New Federal Report on Debt Collection Practices Indicates Area of Concern

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Washington, DCEarlier this year, The Federal Trade Commission (FTC) released its study on debt buyers. The report on debt collection was done because it is the industry that generates the most consumer complaints to the FTC annually.

According to a review of the study in the National Law Journal, published January 30, 2013, the FTC study examined data on debt buyers, and evaluated over 5,000 portfolios containing nearly 90 million consumer accounts with a face value of $143 billion. It is common practice for creditors to sell debt that they have not collected to debt buyers.

The FTC found that debt buyers try to collect about one million debts that consumers assert they don’t owe" and this is every year. The FTC wrote the "proper handling of this large number of disputed debts is a significant consumer protection concern."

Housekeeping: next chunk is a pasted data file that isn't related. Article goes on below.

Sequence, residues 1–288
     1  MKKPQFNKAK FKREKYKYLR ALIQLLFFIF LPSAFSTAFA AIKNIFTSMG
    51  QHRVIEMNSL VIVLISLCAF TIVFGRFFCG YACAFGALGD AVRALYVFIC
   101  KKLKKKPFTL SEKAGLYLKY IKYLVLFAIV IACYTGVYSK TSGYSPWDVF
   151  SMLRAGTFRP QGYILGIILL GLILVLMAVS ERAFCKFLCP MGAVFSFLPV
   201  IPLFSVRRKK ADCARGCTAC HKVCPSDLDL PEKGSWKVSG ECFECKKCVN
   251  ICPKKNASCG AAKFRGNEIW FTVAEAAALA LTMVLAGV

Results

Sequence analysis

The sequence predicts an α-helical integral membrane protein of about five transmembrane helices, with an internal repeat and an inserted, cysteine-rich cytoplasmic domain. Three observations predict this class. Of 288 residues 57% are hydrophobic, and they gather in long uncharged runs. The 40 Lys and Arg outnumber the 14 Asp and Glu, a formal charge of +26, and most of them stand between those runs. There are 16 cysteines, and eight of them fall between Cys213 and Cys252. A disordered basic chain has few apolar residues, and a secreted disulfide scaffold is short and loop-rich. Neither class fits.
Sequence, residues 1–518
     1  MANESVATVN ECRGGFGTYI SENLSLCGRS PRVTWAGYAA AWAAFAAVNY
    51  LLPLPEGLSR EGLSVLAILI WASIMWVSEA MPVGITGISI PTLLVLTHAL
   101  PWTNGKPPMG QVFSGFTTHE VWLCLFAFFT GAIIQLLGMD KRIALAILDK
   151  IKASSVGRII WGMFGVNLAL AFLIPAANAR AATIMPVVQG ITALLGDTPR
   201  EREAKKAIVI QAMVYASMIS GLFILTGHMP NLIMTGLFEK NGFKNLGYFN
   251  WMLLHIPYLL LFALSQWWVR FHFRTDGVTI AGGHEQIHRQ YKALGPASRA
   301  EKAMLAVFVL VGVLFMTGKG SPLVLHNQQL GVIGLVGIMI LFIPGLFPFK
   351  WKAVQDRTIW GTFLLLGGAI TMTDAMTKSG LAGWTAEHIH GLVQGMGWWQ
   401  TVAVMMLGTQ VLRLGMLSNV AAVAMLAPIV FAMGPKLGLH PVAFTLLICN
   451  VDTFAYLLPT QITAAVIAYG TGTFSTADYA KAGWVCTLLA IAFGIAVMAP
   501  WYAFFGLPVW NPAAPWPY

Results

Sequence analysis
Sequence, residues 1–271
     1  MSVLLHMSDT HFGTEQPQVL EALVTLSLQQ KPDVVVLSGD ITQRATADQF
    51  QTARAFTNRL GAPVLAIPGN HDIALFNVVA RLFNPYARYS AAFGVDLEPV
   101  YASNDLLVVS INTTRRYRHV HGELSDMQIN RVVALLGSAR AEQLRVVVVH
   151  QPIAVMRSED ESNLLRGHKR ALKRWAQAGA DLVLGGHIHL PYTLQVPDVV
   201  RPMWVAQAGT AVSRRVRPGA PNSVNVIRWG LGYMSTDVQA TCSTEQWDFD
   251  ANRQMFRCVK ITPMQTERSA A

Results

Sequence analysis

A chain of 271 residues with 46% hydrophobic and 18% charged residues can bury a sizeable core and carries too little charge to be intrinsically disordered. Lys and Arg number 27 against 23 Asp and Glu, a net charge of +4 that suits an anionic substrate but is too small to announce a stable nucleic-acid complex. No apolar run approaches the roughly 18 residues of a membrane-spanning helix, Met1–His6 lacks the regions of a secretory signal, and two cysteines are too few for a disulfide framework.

The information for the FTC study came from nine of the country’s largest debt buyers, and showed that most of the debts stemmed from unpaid credit card charges, though the study also included debts from mortgage, medical, utility, telecommunications, and other creditors. The FTC study also revealed that typically, debt sellers refused to guarantee the accuracy of the information about the debts, selling the debt “as is and with all faults.”

Another "major concern" for the FTC is the conduct of some debt buyers in collecting, threatening to sue, or suing on debt that is time-barred. Currently, there are three pieces of federal legislation to protect consumers from invasive debt collectors. Those are the Fair Debt Collection Practices Act, the Fair Credit Reporting Act and the Telephone Consumer Protection Act. Together, these statutes set out when debt collectors can contact debtors, how they can contact debtors and what action they can legally take against consumers who owe money.

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